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  • Hydrologic modeling of the Court Creek watershed


  • Flooding, upland soil and streambank erosion, sedimentation, and contamination of drinking water from agricultural chemicals (nutrients and pesticides/herbicides) are critical environmental problems in Illinois. Upland soil erosion causes loss of fertile soil, streambank erosion causes loss of valuable riparian lands, and both contribute large quantities of sediment (soil and rock particles) in the water flowing through streams and rivers, which causes turbidity in sensitive biological resource areas and fills water supply and recreational lakes and reservoirs. Most of these physical damages occur during severe storm and flood events. Eroded soil and sediment also carry chemicals that pollute water bodies and stream/reservoir beds. Court Creek and its 97-square-mile watershed in Knox County, Illinois, experience problems with flooding and excessive streambank erosion. Several fish kills reported in the streams of this watershed were due to agricultural pollution. Because of these problems, the Court Creek watershed was selected as one of the pilot watersheds in the Illinois multi-agency Pilot Watershed Program (PWP). The watershed is located in environmentally sensitive areas of the Illinois River basin; therefore, it is also part of the Illinois Conservation Reserve Enhancement Program (CREP). Understanding and addressing the complex watershed processes of hydrology, soil erosion, transport of sediment and contaminants, and associated problems have been a century old challenge for scientists and engineers. Mathematical computer models simulating these processes are becoming inexpensive tools to analyze these complex processes, understand the problems, and find solutions through land-use changes and best management practices (BMPs). Effects of land-use changes and BMPs are analyzed by incorporating these into the model inputs. The models help in evaluating and selecting from alternative land-use and BMP scenarios that may help reduce damaging effects of flooding, soil and streambank erosion, sedimentation (sediment deposition), and contamination to the drinking water supplies and other valuable water resources. A computer model of the Court Creek watershed is under development at the Illinois State Water Survey (ISWS) using the Dynamic Watershed Simulation Model (DWSM) to help achieve the restoration goals set in the Illinois PWP and CREP by directing restoration programs in the selection and placement of BMPs. The current study is part of this effort. The DWSM uses physically based governing equations to simulate propagation of flood waves, entrainment and transport of sediment, and commonly used agricultural chemicals for agricultural and rural watersheds. The model has three major components: (1) hydrology, (2) soil erosion and sediment transport, and (3) nutrient and pesticide transport. The hydrologic model of the Court Creek watershed was developed using the hydrologic component of the DWSM, which is the basic (foundation) component simulating rainfall-runoff on overland areas, and propagation of flood waves through an overland-stream-reservoir network of the watershed. A new routine was introduced into the model to allow simulation of spatially varying rainfall events associated mainly with moving storms and localized thunderstorms. The model was calibrated and verified using three rainfall-runoff events monitored by the ISWS. The calibration and verification runs demonstrated that the model was representative of the Court Creek watershed by simulating major hydrologic processes and generating hydrographs with characteristics similar to the observed hydrographs at the monitoring stations. Therefore, model performance was promising considering watershed size, complexities of the processes being simulated, limitations of available data for model inputs, and model limitations. The model provides an inexpensive tool for preliminary investigations of the watershed for illustrating the major hydrologic processes and their dynamic interactions within the watershed, and for solving some of the associated problems using alternative land use and BMPs, evaluated through incorporating these into the model inputs. The model was used to compare flow predictions based on spatially distributed and average rainfall inputs and no difference was found because of a fairly uniform rainfall pattern for the simulated storm. However, the routine will be useful for simulating moving storms and localized thunderstorms. A test to examine effects of different watershed subdivisions with overland and channel segments found no difference in model predictions. This was because of the dynamic routing schemes in the model where dynamic behaviors were preserved irrespective of the sizes and lengths of the divided segments. Although finer subdivision does not add accuracy to the outflows, it allows investigations of spatially distributed runoff characteristics and distinguishes these among smaller areas, which helps in prioritizing areas for proper attention and restoration. The calibrated and verified model was used to simulate four synthetic (design) storms to analyze and understand the major dynamic processes in the watershed. Detailed summaries of results from these model runs are presented. These summary results were used to rank overland segments based on unit-width peak flows, which indicated potential flow strengths that may damage the landscape, and were based on runoff volumes that indicate potential flood-causing runoff amounts. Stream channel and reservoir segments also were ranked based on peak flows and indicate potential for damages to the streams. Maps were generated showing these runoff potentials of overland areas. These results may be useful in identifying and selecting critical overland areas and stream channels for implementation of necessary BMPs to control damaging effects of runoff water. The model also was used to evaluate and quantify effects of the two major lakes in the watershed in reducing downstream flood flows and demonstrating model ability to evaluate detention basins. The model was run for one of the design storms with and without the lakes. The results showed significant reduction of peak flows and delaying of their occurrences immediately downstream. These effects become less pronounced further downstream. This report presents and discusses results from the above applications of the DWSM hydrology to the Court Creek watershed along with descriptions of the watershed, formulations of the hydrology component of the DWSM, limitations of the model and available data affecting predictions, and recommendations for future work. Efforts are currently under way at the ISWS to add subsurface and tile flow routines to the DWSM that would improve model predictions and their correspondence with observed data. It is recommended that stream cross-sectional measurements be made at representative sections of all major streams in the Court Creek watershed and that stream flow monitoring be continued or established at least at outlets of major tributaries and upper and lower Court Creek. A minimum of four equally spaced raingage stations are recommended for recording continuous rainfall.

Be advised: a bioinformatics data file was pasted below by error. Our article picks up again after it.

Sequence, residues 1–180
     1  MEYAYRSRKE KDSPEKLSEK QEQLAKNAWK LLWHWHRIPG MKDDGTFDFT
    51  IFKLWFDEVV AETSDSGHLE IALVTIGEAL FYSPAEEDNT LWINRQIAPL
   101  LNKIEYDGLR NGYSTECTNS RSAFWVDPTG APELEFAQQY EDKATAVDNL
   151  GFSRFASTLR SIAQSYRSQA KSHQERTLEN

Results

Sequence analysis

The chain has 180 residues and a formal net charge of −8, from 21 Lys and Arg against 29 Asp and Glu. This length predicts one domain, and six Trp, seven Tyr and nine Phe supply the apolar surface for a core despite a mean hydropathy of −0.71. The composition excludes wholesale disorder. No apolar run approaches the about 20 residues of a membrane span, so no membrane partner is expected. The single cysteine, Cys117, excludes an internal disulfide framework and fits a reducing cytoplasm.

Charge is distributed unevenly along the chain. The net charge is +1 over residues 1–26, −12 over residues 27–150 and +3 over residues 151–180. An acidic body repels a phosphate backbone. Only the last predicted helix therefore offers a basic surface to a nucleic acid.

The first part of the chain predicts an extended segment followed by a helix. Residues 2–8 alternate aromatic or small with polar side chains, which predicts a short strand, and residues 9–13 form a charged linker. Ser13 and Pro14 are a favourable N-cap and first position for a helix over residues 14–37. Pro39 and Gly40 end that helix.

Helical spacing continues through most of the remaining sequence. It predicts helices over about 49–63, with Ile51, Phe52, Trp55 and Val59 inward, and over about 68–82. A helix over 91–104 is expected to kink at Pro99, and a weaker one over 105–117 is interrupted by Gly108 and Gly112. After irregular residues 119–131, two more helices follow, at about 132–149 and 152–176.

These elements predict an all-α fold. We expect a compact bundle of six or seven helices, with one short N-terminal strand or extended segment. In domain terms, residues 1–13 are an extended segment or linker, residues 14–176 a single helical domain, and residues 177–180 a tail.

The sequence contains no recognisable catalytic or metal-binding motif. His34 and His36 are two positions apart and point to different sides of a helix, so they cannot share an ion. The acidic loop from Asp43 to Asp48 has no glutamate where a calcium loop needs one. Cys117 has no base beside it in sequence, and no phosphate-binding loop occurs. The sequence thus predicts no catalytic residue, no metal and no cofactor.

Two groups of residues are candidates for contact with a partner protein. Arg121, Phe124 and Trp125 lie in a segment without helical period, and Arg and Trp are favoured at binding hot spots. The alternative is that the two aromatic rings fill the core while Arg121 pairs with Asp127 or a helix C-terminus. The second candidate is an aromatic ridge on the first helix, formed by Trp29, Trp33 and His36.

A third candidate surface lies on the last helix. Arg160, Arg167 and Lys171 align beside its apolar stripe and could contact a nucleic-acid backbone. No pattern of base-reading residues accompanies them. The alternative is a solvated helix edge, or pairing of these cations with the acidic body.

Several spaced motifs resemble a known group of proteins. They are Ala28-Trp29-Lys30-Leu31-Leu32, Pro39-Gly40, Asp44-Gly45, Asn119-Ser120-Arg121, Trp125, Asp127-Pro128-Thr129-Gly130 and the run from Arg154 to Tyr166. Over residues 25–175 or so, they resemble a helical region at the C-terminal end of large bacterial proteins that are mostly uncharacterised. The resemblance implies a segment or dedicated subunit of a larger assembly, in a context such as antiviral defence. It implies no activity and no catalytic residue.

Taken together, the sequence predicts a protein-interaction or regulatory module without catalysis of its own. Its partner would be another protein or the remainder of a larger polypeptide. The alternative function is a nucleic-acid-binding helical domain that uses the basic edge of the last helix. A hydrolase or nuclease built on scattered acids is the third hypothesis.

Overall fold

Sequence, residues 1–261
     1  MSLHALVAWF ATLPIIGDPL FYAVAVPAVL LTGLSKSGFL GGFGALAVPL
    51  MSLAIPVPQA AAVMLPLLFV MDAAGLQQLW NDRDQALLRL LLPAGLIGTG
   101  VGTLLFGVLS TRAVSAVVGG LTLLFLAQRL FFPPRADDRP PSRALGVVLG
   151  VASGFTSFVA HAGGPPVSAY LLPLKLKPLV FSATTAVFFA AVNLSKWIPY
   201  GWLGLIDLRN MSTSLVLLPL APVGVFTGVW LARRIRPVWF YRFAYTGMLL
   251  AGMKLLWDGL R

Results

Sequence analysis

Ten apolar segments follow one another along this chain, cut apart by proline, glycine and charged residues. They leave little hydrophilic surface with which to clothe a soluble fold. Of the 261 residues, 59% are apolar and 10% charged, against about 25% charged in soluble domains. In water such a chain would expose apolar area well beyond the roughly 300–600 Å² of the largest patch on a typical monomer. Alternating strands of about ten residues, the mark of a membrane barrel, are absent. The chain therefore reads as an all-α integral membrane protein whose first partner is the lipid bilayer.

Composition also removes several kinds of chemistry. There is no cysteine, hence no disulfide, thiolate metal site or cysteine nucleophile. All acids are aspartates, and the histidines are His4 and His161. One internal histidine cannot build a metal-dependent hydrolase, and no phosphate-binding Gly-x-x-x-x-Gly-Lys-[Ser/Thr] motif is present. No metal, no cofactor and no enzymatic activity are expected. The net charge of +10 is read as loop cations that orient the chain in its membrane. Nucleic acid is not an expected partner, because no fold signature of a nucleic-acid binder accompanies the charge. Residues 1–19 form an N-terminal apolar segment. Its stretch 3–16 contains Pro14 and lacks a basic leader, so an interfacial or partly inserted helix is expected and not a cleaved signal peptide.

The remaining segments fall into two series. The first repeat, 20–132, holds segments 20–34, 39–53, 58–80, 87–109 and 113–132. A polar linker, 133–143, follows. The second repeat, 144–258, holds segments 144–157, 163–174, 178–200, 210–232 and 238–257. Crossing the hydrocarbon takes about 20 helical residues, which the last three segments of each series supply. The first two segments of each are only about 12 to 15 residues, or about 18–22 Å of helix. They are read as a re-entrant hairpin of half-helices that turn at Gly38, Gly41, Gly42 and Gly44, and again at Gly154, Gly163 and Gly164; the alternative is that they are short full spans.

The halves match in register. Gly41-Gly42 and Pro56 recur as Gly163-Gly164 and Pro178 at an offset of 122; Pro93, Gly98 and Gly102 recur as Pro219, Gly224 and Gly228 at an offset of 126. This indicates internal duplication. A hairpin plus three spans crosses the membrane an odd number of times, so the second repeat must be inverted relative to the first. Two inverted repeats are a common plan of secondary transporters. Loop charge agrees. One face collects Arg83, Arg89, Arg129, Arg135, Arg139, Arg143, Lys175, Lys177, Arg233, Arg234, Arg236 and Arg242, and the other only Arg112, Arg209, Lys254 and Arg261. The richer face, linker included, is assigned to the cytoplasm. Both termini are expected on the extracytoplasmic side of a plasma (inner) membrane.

Originally Deposited as: 999999994080

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Language(s): EN-English

Volume or Year: 2000
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Date Created: 9 24 2004
Date Last Modified: 5 13 2003

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1. Hydrologic modeling of the Court Creek watershed (20060929190038_ISWSCR2000-04.pdf).